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Monday, 20 December 2010

Will WIPO wither and die on the choking vine of ... development?

A new lobbying tactic from the
pro-patent group in WIPO?
One of the keenest observers of the international IP scene is Intellectual Property Watch's William New.  In "US Ambassador: Over-Focus On Development “Will Kill” WIPO", which he posted here last Friday, William gave an account of the strikingly outspoken statement by United States Ambassador to the United Nations Betty King [full text here] that the World Intellectual Property Organization (WIPO) "is headed in a controversial direction", warning that "a focus on development at the expense of protection of intellectual property rights will mean the end of the agency".  She is quoted as saying
"If we get to a system where the protections of patents are abrogated in the name of development, then we certainly will kill that organization. So I worry very much about that”.
The remark, the author gently suggest is possibly a reflection that the 2007 WIPO Development Agenda intended to ensure WIPO is development-friendly, is having the more profound effect on the United Nations body’s activities sought by the Agenda’s proponents. King is said to have taken aim particularly at the recently formed Development Agenda Group, which includes the fast-growing [and IP-agnostic, queries Merpel?] economies of  Brazil, Egypt, India, Indonesia and South Africa.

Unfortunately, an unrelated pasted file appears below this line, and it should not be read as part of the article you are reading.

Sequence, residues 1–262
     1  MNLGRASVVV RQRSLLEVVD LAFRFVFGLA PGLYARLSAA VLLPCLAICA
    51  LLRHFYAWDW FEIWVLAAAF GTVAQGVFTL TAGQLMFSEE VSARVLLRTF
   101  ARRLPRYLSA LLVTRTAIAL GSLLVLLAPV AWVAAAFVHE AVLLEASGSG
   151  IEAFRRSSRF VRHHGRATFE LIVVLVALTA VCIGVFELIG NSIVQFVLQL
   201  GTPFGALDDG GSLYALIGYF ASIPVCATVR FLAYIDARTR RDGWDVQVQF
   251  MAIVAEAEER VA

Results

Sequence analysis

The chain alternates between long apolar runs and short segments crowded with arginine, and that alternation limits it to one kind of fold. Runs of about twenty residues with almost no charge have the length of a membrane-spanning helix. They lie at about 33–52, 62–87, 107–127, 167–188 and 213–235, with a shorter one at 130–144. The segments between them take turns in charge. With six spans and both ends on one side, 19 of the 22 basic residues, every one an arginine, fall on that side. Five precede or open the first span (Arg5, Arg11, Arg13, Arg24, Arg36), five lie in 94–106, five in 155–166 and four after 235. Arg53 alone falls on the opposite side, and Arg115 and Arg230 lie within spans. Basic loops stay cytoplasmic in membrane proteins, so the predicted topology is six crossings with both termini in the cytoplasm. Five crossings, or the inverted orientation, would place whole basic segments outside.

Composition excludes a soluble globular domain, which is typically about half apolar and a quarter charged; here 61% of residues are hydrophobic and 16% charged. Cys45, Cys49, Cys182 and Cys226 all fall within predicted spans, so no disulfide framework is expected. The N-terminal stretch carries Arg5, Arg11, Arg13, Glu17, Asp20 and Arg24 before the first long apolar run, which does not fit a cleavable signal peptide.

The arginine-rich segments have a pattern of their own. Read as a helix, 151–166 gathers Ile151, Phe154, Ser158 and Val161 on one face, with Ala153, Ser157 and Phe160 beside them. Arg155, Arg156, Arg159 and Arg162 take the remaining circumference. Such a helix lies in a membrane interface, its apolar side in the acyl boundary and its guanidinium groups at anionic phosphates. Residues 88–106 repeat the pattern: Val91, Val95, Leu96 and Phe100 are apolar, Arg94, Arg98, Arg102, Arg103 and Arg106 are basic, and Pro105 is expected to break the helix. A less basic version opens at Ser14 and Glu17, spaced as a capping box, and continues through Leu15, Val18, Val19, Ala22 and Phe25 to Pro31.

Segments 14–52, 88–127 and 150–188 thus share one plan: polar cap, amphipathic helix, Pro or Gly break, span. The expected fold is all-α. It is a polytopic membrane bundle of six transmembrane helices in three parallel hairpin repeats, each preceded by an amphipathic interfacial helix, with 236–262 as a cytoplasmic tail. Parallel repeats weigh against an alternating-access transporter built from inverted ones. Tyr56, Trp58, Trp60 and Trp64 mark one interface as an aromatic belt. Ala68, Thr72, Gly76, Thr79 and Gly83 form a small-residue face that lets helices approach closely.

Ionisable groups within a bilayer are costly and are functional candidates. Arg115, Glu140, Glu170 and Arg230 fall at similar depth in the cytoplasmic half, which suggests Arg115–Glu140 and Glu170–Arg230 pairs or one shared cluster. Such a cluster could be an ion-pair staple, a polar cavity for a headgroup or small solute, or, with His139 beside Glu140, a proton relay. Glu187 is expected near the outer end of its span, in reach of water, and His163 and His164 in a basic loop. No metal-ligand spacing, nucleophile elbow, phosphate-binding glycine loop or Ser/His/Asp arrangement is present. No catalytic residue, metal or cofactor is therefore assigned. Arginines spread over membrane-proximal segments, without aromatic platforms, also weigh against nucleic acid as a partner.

Says the Kat, don't worry Betty, no-one has to sign up to anything they don't want to, and patent protection will only be abrogated if you want it to be. All WIPO treaties remain consensual.  When developing nations try to get the upper hand, for example in the Washington Treaty on Intellectual Property in Respect of Integrated Circuits when the developing nations rather liked the idea of compulsory licensing of chip topographies, the result is that nothing happens.  The same was the case with the attempts to put forward the UNCTAD Code on the Transfer of Technology in the 1980s, in which a large body of developing countries wanted advantageous terms such as the unbundling of licensed technology and warranties that it actually worked.  And when IP-rich countries don't feel that the existing international order is capable of supporting their requirements, they are perfectly capable of going off and doing an ACTA.   More to the point, if patent-rich countries can't come to the table and argue persuasively that their view is preferable to the more unpalatable bits of the development agenda, they have only themselves to blame.

Betty King International Diplomat here
Betty King International Ministries here
The goose that laid the golden eggs here

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